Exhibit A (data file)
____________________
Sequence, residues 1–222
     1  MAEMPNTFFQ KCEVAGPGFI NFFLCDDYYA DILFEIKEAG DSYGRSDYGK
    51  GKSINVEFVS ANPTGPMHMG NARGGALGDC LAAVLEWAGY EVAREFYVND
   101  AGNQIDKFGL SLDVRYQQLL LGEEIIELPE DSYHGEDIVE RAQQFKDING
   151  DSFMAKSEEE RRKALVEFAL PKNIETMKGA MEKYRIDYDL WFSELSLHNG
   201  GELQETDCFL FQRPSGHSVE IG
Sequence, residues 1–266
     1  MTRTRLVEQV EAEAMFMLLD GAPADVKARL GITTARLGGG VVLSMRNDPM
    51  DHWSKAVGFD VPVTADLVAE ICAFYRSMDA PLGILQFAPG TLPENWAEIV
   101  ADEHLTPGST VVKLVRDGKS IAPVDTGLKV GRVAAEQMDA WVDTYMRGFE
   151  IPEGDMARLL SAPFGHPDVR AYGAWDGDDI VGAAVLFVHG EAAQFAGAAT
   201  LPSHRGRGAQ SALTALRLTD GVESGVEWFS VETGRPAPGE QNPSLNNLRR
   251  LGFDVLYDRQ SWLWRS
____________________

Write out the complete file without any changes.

Sequence, residues 1–222
     1  MAEMPNTFFQ KCEVAGPGFI NFFLCDDYYA DILFEIKEAG DSYGRSDYGK
    51  GKSINVEFVS ANPTGPMHMG NARGGALGDC LAAVLEWAGY EVAREFYVND
   101  AGNQIDKFGL SLDVRYQQLL LGEEIIELPE DSYHGEDIVE RAQQFKDING
   151  DSFMAKSEEE RRKALVEFAL PKNIETMKGA MEKYRIDYDL WFSELSLHNG
   201  GELQETDCFL FQRPSGHSVE IG
Sequence, residues 1–266
     1  MTRTRLVEQV EAEAMFMLLD GAPADVKARL GITTARLGGG VVLSMRNDPM
    51  DHWSKAVGFD VPVTADLVAE ICAFYRSMDA PLGILQFAPG TLPENWAEIV
   101  ADEHLTPGST VVKLVRDGKS IAPVDTGLKV GRVAAEQMDA WVDTYMRGFE
   151  IPEGDMARLL SAPFGHPDVR AYGAWDGDDI VGAAVLFVHG EAAQFAGAAT
   201  LPSHRGRGAQ SALTALRLTD GVESGVEWFS VETGRPAPGE QNPSLNNLRR
   251  LGFDVLYDRQ SWLWRS